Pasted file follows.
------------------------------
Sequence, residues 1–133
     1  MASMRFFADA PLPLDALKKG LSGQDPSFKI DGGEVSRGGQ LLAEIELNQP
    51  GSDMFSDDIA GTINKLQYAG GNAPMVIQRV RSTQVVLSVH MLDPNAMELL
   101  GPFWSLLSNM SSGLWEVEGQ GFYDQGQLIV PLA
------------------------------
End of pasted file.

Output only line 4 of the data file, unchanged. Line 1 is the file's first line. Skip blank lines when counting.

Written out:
   101  GPFWSLLSNM SSGLWEVEGQ GFYDQGQLIV PLA